S.C. inmates are helping rescue animals get adopted

Inmates at Allendale Correctional Institute now know what unconditional love is, thanks to a program that pairs them with rescue animals.


Columbia, S.C. (WOLO) — Inmates at Allendale Correctional Institute now know what unconditional love is, thanks to a program that pairs them with rescue animals. Those in the program train the dogs and raise the cats, all so the animals can be adopted.

The Mutt Mates & Meow Mates program has been at Allendale since 2013. Since it began, more than 500 animals have been trained by inmates.

“Being locked up for almost 27 years, and not having any family members, this is the closest thing I can get to family,” said Scott, an inmate serving a life sentence. He’s also the Program Leader at Allendale. “It’s really rewarding, seeing an animal who has been abused, and doesn’t trust anyone to coming out of their shell and blossom.”

“The animals save their lives, too. They give them a sense of purpose, love and respect, which some of the men that are incarcerated really have never had,” said Bryan Stirling, Director of the South Carolina Department of Corrections.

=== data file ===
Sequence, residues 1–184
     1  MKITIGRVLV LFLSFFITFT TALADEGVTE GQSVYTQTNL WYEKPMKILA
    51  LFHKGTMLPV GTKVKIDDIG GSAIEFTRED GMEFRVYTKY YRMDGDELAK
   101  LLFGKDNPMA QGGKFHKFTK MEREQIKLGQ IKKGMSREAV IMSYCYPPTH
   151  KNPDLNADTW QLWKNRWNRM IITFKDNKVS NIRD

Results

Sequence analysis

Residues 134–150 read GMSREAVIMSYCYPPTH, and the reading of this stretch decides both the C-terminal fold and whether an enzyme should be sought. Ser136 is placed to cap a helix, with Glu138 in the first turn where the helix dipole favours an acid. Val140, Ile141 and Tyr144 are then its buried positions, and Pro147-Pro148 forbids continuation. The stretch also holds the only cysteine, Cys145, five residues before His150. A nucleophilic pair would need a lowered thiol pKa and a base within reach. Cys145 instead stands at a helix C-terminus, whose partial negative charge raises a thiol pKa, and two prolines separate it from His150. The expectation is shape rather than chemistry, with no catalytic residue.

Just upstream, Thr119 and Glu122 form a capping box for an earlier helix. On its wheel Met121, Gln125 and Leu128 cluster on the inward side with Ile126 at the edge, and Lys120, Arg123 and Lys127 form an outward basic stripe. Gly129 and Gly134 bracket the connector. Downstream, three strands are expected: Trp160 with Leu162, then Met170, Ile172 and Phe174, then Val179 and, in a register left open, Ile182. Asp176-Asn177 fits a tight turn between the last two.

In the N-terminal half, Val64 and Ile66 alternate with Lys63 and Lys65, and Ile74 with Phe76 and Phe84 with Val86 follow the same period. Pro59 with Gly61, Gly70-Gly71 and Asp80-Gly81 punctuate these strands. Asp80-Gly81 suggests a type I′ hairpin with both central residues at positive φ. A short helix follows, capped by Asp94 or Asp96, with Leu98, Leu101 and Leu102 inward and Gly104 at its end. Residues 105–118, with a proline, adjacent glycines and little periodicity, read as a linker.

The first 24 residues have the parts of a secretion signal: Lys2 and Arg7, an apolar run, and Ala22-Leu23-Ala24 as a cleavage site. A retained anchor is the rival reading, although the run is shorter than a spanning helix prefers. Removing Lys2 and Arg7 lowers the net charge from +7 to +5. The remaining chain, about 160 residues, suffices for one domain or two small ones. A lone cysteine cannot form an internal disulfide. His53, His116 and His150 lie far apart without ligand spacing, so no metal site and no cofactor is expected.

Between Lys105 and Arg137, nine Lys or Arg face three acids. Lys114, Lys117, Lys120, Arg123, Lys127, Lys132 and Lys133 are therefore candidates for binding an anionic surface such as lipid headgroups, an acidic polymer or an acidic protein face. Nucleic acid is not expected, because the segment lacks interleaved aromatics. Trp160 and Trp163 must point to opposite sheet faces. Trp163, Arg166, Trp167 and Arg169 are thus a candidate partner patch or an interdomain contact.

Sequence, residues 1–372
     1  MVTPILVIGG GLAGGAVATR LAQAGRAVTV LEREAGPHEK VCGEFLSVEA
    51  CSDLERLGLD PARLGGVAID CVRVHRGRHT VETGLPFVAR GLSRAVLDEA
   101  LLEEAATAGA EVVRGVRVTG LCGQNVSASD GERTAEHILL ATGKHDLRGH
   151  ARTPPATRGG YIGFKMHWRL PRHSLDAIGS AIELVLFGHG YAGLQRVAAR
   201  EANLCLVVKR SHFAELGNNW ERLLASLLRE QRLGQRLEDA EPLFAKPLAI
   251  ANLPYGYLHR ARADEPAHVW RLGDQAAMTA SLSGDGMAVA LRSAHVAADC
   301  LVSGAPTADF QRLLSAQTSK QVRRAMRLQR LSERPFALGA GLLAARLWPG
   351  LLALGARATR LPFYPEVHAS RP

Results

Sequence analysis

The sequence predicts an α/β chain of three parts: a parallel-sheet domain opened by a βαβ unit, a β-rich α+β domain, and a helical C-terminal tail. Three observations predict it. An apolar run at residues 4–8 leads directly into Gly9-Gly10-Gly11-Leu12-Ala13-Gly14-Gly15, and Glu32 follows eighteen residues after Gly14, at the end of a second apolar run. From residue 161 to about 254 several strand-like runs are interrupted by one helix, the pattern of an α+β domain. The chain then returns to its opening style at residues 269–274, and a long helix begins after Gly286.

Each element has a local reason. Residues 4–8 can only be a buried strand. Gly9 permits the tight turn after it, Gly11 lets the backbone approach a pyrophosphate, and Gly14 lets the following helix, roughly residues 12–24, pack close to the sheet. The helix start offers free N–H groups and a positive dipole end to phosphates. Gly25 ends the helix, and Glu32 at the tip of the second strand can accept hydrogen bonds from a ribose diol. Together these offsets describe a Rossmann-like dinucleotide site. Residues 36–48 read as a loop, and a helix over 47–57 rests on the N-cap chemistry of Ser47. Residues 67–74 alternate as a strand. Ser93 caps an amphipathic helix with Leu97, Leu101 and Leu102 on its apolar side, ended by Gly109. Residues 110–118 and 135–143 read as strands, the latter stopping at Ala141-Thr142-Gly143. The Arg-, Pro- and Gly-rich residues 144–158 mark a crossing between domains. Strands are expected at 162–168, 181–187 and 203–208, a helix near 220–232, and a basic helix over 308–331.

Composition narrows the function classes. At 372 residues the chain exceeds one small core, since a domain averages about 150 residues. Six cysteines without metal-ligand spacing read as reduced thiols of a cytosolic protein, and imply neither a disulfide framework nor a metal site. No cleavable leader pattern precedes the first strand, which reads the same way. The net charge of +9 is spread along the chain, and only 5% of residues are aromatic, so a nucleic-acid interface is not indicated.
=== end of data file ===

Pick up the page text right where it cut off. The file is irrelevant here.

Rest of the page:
There’s one dorm designated for animal care and training, where dogs and cats live with the inmates 24/7. On one side, there are 24 dogs and on the other side are the cats. All the animals come from the Barnwell County Animal Shelter through the nonprofit Animal Advocates of Barnwell County. Animal Advocates pulls adoptable animals from the animal shelter that would otherwise be euthanized.

The dogs stay with their trainers for about two to three months; and the trainers go through a curriculum that includes obedience, agility and socialization training.

“It makes such a difference in them being adoptable,” said Vikki Scott, with Animal Advocates of Barnwell Co.

In order to qualify for Mutt Mates & Meow Mates, participants must apply, go through an interview process, and be in good disciplinary standing.

“Have proven themselves to be of good character,” said Vikki.

Sometimes, a family member of a trainer will adopt one of the animals that’s gone through the program.

“They feel like they’re getting a piece of their father or their brother, and it makes a difference. And then that animal is waiting for them when they are released,” said Vikki.

Inmates say that caring for the animals gives them hope.

“In prison you put up a wall and you can’t really show your true self. And animals have a way of shattering that, breaking down those walls,” said Scott.

The trainers can also graduate from a certified grooming program that helps them get jobs in that field after they are released.

There are similar programs, like Prison Pals at Kershaw Correctional Institution, where inmates become specialized in training therapy dogs.

All the animals in the Mutt Mates & Meow Mates program are adoptable, and for more information on the group or pets you can click here or call (803) 259- LIVE (5483).

Categories: Local News, News, State